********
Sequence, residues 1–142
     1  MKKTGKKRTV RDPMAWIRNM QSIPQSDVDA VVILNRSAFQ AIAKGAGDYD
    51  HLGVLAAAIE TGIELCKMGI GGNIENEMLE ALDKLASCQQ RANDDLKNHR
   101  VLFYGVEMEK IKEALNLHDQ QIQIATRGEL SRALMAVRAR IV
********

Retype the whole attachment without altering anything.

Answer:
Sequence, residues 1–142
     1  MKKTGKKRTV RDPMAWIRNM QSIPQSDVDA VVILNRSAFQ AIAKGAGDYD
    51  HLGVLAAAIE TGIELCKMGI GGNIENEMLE ALDKLASCQQ RANDDLKNHR
   101  VLFYGVEMEK IKEALNLHDQ QIQIATRGEL SRALMAVRAR IV